If one wants to take the most optimistic view of Kansas' upcoming season, it starts with this: The Jayhawks, according to Bill Connelly's research at SB Nation, return a combined 91 percent of their offensive and defensive production from last season -- the second-highest mark nationally behind only Michigan State. Though that usually portends good things, there's a lot of ground for KU to make up.
Previewing Kansas Football's Offense for 2018
For the fourth consecutive year under Kansas coach David Beaty, the Jayhawks will enter fall camp unsettled at quarterback. Former junior college transfer Peyton Bender returns after an inconsistent first season with KU, and he was replaced late by the more mobile Carter Stanley, who didn't perform any better. The 5'10" Miles Kendrick will enter the mix after leading College of San Mateo to the California state championship game last season.
With better health, KU's running backs have the potential to be the team's best position group. Khalil Herbert is the team's top returner, posting a 291-yard rushing game against West Virginia before a hamstring injury slowed him the rest of the way. Sophomore Dom Williams was in a similar position in 2017, grinding through nagging ailments that limited his production. True freshman Pooka Williams also should compete for carries immediately after picking KU over late offers from LSU and Nebraska.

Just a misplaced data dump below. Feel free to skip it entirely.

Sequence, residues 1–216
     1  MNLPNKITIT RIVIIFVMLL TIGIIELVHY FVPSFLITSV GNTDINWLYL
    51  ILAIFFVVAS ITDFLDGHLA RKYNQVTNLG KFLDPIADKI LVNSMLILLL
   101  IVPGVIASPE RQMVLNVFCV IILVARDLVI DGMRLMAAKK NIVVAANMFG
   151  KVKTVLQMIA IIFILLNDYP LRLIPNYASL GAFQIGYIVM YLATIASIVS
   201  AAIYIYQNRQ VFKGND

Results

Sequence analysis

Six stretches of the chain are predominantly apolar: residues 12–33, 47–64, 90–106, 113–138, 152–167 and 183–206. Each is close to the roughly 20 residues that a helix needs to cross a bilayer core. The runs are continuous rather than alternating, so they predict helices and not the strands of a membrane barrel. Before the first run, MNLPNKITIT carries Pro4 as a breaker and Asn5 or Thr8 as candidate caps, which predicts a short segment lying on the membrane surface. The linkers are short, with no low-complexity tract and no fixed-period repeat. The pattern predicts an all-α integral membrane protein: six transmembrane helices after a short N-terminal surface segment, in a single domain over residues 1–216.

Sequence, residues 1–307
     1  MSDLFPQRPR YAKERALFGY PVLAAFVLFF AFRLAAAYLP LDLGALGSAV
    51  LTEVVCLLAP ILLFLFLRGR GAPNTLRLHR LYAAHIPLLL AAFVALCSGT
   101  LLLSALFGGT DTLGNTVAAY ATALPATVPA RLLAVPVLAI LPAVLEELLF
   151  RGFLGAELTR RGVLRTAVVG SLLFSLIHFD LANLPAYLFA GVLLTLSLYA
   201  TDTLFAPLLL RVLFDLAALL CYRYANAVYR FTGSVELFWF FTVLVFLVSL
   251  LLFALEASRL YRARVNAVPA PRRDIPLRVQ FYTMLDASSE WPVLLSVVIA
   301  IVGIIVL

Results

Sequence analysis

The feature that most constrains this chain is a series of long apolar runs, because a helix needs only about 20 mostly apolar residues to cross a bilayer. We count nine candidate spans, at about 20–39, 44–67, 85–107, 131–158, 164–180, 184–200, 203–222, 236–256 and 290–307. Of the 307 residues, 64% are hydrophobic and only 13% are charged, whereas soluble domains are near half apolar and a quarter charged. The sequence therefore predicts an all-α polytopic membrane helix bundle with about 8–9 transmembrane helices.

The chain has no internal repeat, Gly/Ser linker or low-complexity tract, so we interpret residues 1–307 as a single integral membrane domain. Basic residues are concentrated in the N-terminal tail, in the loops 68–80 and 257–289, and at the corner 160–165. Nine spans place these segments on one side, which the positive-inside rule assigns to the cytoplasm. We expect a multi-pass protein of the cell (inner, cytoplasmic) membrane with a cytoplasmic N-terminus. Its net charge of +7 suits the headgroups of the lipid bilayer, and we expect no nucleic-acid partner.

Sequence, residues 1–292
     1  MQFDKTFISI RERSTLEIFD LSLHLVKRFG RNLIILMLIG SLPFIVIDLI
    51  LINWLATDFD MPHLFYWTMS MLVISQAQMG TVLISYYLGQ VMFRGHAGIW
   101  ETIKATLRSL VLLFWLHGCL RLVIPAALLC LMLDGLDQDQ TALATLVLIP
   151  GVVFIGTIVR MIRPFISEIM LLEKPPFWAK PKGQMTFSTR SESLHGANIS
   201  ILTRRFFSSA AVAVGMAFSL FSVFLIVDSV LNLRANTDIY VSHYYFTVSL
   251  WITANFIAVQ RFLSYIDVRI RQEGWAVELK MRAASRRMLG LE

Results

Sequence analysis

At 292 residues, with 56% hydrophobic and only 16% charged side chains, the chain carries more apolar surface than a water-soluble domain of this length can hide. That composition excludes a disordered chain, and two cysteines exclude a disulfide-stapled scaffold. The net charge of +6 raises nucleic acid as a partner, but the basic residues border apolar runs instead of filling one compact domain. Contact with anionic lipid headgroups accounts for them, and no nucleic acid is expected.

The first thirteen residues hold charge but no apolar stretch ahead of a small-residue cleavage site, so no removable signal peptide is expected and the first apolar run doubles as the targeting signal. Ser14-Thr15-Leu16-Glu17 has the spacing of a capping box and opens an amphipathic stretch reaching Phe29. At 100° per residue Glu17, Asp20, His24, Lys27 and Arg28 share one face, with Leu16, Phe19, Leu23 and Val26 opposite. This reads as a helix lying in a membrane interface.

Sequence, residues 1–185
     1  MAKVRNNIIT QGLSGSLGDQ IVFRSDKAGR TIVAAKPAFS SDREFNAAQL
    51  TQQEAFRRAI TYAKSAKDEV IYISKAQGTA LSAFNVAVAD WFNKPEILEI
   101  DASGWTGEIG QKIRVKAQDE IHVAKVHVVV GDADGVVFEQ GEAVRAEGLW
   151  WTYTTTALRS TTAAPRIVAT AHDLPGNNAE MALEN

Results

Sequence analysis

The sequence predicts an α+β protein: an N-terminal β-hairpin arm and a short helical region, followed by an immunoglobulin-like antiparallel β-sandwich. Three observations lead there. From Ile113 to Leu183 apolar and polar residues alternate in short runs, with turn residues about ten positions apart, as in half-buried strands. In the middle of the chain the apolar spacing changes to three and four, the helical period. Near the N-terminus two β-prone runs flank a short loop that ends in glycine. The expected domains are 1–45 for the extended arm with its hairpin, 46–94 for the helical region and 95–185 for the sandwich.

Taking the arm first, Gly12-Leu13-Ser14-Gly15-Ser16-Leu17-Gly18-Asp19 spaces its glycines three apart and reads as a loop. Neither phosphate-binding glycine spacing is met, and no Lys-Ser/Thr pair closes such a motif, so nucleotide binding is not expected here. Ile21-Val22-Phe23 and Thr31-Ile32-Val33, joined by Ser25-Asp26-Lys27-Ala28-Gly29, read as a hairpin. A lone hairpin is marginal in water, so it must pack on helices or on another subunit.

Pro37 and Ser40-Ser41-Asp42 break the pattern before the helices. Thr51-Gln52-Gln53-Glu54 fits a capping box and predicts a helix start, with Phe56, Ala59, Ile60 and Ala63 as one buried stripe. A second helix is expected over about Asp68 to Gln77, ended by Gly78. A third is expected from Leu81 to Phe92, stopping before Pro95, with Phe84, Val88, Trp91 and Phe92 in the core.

At receiver, Steven Sims is the team's top returning playmaker after earning the Jayhawks' highest offensive grade from Pro Football Focus in 2017. The Houston speedster's 59 catches were nearly double that of any other teammate (30), while his 839 receiving yards and six touchdowns were easily team bests.
The Jayhawks face huge concerns on the offensive line. That starts with replacing center Mesa Ribordy, who retired from football in the offseason, and part-time starters Zach Hannon and Jayson Rhodes. Left tackle Hakeem Adeniji is the standout, though he's returning from two offseason shoulder surgeries.
Previewing Kansas Football's Defense for 2018
One of KU's biggest offseason wins came when talented defensive lineman Daniel Wise announced he was returning for a senior season. The coaches' All-Big 12 first-team selection should anchor a defensive front that will have plenty of newcomers.
The Jayhawks have experience at linebacker. That begins with senior Joe Dineen Jr., who earned some All-America recognition after he led the nation in solo tackles per game (7.6) in 2017.
KU's coaching staff loaded up on secondary players in recruiting while hoping to improve the team's speed and athleticism. The Jayhawks' top signee -- true freshman cornerback Corione Harris -- is the most intriguing, and he should have a chance to play right away after ranking as a top-300 recruit nationally.
Previewing Kansas Football's Specialists for 2018
KU received a boost at the end of 2017 when it learned that placekicker Gabriel Rui would be granted an extra year of eligibility; he made 17-of-20 field goals last season to give the Jayhawks stability at a position that had previously been subpar.
KU finished just 1-11 in 2017, with its only win coming in the season opener against FCS opponent Southeast Missouri State. Beaty's record stands at 3-33 in three seasons, with his only FBS win coming against Texas in 2016. The stakes will be high in 2018. If KU struggles to start the season, the moves could come in a hurry.
NATIONAL RANKING: 116 BIG 12 PREDICTION: 10